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Post Office 2.0 Plugin for Movable Type

Movable Type has a plugin called Post Office (now maintained on Github by Endevver) which is a cool email-to-blog (moblogging) Perl-based plugin. I wrote my own email-to-blog Perl script years ago, which has some advanced features like support for both images and videos in your email attachments. However, the script would run via a Linux bash shell and executed via a scheduled cron job. Because of that, for each Movable Type user that needed this feature I need to copy the Perl script to a new .pl Perl file and change the ‘static’ variables (email address, MT XML-RPC password, etc.). It was becoming a pain to maintain, since any new features or code I added had to be manually done to each Perl script.

Enter Post Office! I tested this plugin about a year ago, but it didn’t do everything I wanted, including lack of support for video attachments, which my Perl code did support. But PostOffice did have some cool features and it directly integrated into the Movable Type platform, so it is multi-user friendly. I decided to integrate my Perl code into Post Office 1.1 — and since it truly is a forked version I’m calling it Post Office 2.0 to avoid any confusion.

My original Perl code had a ton of regular expressions (regex) to strip out Word gobblygook that gets added to Word-based email. I also had to strip some stuff out of HTML-based emails as well. The code wasn’t pretty, but it did the job. Post Office handles Word- and HTML-based emails automatically, thus negating all my man hours of regex programming work. cry_smile All via a simple Perl module (Email::MIME) too.

In any event, here’s what’s new in Post Office 2.0. over Post Office 1.0/1.1.

New Features:

  • Images are now imported into MT Asset Management database, so they can be used in a slideshow, search results, etc. {Note: PostOffice v1.1 added this feature too}
  • Videos are also now imported into MT Asset Management database.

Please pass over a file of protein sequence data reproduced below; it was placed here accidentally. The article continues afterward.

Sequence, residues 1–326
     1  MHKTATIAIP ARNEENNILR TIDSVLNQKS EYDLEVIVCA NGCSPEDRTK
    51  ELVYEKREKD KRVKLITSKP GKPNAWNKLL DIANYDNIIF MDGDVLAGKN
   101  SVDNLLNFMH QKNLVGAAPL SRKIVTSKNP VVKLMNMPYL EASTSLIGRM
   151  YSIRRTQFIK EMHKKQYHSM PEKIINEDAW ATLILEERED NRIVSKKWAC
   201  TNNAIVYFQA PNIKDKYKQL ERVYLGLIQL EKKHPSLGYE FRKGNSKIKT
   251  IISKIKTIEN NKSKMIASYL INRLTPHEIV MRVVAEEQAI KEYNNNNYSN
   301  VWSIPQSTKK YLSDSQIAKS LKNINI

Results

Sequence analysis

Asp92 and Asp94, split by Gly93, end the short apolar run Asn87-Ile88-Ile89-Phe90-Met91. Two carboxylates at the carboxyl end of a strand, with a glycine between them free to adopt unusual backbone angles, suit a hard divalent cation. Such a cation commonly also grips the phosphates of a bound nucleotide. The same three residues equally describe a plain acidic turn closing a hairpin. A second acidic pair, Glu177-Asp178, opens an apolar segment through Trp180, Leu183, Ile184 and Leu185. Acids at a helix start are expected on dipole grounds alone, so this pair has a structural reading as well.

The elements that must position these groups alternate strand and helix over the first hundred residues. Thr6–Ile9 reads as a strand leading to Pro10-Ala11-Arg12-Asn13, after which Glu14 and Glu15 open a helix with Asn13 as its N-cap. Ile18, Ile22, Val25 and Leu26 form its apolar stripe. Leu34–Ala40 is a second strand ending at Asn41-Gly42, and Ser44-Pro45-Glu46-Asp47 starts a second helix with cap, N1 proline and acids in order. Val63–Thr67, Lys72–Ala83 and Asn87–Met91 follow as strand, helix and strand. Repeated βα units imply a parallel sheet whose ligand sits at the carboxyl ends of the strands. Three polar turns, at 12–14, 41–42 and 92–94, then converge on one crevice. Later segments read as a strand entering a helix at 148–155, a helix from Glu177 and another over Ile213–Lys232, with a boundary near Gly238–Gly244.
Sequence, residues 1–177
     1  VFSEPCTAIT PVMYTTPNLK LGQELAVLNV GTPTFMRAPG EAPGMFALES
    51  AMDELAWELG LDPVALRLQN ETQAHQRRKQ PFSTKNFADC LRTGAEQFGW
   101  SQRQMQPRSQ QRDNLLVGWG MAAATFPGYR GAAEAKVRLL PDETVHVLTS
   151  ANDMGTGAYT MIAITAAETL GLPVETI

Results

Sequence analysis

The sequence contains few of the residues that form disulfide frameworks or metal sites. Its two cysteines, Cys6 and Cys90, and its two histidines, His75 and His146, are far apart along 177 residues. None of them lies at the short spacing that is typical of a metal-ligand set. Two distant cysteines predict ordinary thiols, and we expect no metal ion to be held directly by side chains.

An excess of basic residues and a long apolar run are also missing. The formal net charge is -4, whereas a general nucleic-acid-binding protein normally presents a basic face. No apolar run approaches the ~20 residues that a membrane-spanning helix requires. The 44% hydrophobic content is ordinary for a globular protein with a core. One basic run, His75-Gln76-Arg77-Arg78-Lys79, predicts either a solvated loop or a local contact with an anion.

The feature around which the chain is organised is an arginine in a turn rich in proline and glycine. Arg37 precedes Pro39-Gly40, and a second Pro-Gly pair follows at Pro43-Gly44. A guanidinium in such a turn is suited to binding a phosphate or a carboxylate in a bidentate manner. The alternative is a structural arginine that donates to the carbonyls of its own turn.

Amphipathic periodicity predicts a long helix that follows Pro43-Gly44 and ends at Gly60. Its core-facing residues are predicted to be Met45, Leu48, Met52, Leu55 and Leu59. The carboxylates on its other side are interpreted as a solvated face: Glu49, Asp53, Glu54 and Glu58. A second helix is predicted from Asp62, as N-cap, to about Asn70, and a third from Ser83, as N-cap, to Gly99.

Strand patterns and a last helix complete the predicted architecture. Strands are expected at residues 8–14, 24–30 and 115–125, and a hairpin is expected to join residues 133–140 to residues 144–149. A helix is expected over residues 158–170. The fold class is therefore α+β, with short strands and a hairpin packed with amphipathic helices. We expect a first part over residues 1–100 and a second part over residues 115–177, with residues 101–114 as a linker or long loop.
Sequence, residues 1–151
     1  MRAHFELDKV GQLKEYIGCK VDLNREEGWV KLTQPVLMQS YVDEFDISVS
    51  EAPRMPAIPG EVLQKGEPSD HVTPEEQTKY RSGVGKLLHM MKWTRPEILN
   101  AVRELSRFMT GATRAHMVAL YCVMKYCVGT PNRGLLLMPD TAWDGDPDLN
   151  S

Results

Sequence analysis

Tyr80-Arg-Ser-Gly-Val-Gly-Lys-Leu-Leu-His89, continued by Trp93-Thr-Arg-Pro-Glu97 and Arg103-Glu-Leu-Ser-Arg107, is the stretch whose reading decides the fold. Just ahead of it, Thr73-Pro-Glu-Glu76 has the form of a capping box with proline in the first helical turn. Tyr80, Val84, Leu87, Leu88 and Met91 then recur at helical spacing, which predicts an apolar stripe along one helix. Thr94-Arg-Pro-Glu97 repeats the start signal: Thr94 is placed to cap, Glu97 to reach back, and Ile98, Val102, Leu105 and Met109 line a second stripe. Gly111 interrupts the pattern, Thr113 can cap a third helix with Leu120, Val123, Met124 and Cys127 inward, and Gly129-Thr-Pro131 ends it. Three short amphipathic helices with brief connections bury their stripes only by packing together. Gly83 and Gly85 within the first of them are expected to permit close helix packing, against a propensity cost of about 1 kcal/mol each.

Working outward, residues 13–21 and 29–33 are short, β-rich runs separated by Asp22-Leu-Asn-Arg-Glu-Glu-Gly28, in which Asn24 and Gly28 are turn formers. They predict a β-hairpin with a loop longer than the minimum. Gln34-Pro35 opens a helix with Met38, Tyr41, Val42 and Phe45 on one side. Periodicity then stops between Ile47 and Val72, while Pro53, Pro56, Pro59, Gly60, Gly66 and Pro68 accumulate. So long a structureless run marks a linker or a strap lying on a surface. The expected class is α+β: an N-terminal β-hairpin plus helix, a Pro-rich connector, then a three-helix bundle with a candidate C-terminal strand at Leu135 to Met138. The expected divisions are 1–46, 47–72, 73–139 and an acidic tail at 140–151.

• Both images and videos are now stored in /images/YYYY/MM dated folders instead of a single directory like PostOffice 1.0 & 1.1.
  • Ability for each blogger to set a maximum image width so they don’t ‘blow’ out their blog layout with an image that is too wide.
  • Images are resized automatically if larger than maximum width
  • Detect html or text email format and set the line breaks for the entry automatically. {Credit: Alex Teslik}
  • Process message parts in a single loop (instead of two loops as in 1.1) while still replacing cid and loc links with the correct asset. The structure allows for future modifications, such as the automatic embedding of videos, audio files, etc. {Credit: Alex Teslik}
  • Auto-rotate email images based on EXIF tags. Originally I was running this cron job to auto-rotate all images based on EXIF data:
    /usr/bin/jhead -autorot -ft /var/www/html/blog/tom-keating/images/*
    But the code above has to process every image each time even if it has been rotated already. Now I can rotate images with PostOffice using Image::ExifTool. This allows iPhone and iPad users to mail images to their blog and have them appear correctly. The EXIF tag is updated after rotation so that Mobile Safari and some other browsers do not rotate the image again based on the EXIF orientation tag.
  • Disabled plus style email addressing used by PostOffice 1.0 and 1.1, which expects email addresses using the format emailaddress+{blogid}, i.e. However, since most email servers DO NOT support plus-style addressing, this was preventing me from getting this plugin to work with Exchange Server 2010. I commented out the code, so you can re-enable it if you wish, though I suspect most will prefer it disabled.

Probably the most interesting modification I made was allowing each blog to specify the maximum image width within the PostOffice plugin settings. My code then resizes it accordingly. Here’s the code snippet:

#Get Dimensions
my ($globe_x, $globe_y) = imgsize($file->{path});
## added this to debug a divide by zero, but problem is the globe vars 'sometimes' can't figure out image size.
$globe_y=$globe_y+1; # so don't get divide by zero error.
my $ratio = 0;
# Now set ratio = to the width you want
$ratio=$cfgglobal->{max_image_width}; #TK Get blog-level max image width

my $ratio2 = ($ratio / $globe_x) * $globe_y;
if (($globe_x < $ratio)){
        #Above leaves image alone - no resize. Else does resize here:
        $img2->Resize(width=>$ratio, height=>$ratio2);
        #Here is where it writes the resized image
        $img2->Write(filename=>$file->{path}, compression=>'JPEG', quality=>75);
         } #End If image

How to set it up

First, let’s take a look at the PostOffice plugin settings (per-blog):

Put in your POP3 or IMAP accounts settings and credentials. Then choose whether posts are Draft or Published. Make sure to put in the maximum width. I don’t test for a null value in the plugin, so if you send an email-to-blog without the max image size defined, it most likely won’t post.

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